This followed an already-extended timetable of around nine months – from initial approach to completion – requir-ing the deal to navigate a period of high market volatility and large movements in commodity prices during this time.


BGH and Sixth Street’s NZ$1.7 billion ($1 billion) acquisition of Pushpay

PARTICIPANTS: Craigs, Macquarie, Goldman Sachs / ADVISORS: Bell Gully, Harmos Horton
Lusk, Shearman & Sterling, Willkie Farr & Gallagher

This was one of the largest takeovers executed in the New Zealand market over the last decade. It ultimately required an innovative cooperation strategy between BGH Capital and Sixth Street Partners to win a competitive sales process, with the funding package achieved despite volatile markets against a backdrop of rising interest rates.

The acquisition of Pushpay was also pioneering in the domestic market for being the first time that differential consideration was given in a takeover transaction. In this case, it allowed the bidders to execute the transaction while meeting return thresholds, and therefore led to strong support by shareholders, with the majority of votes cast in favour of the Scheme Implementation Agreement.
This was notable given that two months earlier, a shareholder vote for the Scheme failed due to a number of New Zealand-based institutional shareholders being unsupportive of the offer.

As a result, it has set a precedent in New Zealand for future Scheme transactions.


Perdaman Chemicals & Fertilisers’ $2.475 billion project financing


The club facility package that the Perdaman Group and Global Infrastructure Partners (GIP) secured for the con-struction of a new urea plant in Western Australia, will greatly add to food security in the Asia Pacific region.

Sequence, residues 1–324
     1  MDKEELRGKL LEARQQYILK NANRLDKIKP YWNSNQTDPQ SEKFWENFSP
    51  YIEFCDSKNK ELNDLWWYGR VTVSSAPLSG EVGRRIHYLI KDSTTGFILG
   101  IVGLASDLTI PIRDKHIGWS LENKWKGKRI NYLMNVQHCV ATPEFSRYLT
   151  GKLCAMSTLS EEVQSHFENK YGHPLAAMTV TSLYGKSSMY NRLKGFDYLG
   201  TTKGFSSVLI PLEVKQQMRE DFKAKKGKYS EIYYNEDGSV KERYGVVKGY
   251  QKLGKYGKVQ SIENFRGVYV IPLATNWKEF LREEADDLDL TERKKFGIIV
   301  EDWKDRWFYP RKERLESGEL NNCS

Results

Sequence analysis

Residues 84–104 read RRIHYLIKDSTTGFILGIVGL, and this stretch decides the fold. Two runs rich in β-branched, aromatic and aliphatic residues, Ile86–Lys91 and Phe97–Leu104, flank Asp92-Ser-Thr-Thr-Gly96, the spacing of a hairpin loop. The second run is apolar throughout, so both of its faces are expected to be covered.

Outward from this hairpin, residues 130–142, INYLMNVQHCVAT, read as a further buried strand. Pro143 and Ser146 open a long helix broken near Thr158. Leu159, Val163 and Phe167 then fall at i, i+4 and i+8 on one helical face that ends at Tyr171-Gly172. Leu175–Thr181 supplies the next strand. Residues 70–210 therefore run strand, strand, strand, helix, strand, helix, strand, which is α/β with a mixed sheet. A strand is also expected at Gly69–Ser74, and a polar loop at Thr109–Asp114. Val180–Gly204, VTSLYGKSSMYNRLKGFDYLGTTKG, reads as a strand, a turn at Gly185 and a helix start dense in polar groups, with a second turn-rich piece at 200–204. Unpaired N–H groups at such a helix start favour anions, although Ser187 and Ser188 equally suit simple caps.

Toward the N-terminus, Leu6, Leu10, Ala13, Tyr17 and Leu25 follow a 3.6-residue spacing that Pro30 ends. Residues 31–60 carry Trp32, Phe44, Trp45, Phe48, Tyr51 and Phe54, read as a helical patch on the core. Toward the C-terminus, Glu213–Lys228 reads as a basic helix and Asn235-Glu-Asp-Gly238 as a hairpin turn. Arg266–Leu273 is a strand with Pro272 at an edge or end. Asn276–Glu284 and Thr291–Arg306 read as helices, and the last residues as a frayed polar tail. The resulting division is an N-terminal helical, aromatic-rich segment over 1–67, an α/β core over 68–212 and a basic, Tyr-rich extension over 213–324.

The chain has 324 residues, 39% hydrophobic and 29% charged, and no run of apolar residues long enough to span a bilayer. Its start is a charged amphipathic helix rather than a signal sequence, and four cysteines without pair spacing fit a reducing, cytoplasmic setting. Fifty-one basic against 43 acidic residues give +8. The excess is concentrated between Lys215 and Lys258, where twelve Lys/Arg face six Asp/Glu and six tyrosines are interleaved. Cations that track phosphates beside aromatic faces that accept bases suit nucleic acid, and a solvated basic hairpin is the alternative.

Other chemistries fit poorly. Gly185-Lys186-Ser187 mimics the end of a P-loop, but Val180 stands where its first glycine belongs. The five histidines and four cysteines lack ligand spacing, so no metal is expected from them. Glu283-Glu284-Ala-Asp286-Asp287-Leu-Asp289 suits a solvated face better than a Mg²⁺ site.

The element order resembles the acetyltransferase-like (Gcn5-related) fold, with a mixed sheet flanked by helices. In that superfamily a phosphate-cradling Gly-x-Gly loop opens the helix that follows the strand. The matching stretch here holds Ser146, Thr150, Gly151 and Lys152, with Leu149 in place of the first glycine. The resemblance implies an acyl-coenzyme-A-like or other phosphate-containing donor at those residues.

Perdaman’s investment into this project, which was more than 15 years in development, is the largest ever made in the Australian fertiliser industry. When completed, it will be the largest urea plant in Australia and one of the largest in the world.

The facility will help to ensure that Australia has a secure and reliable source of high-quality urea, supporting the nation’s farmers and food producers.

The Australian government provided significant funding for the urea plant. Via the Northern Australia Infrastruc-ture Facility, this included funds for a new multi-user wharf and facilities, and to expand seawater supply. Export Finance Australia also provided a loan to the project.


Judo Capital Markets Trust 2023-1; A$500 million ($336 million) public asset backed securities transac-tion

PARTICIPANTS: Citi, Société Générale, ANZ, RBC, Westpac

A striking feature of this deal – in a securitisation market historically dominated by residential mortgage-backed securities – was that it offered asset-backed securities (ABS) with collateral consisting of a pool of mixed purpose, prime bank loans to small- and medium-enterprise (SME) businesses.

This had not been done before; traditionally, SME business loans have been kept on bank balance sheets.

The transaction’s success partly rested on early investor sounding and education. Although this led to an extend-ed execution timeline of around eight months, it resulted in the benefit of crowding-in a broader number of inves-tors into the deal.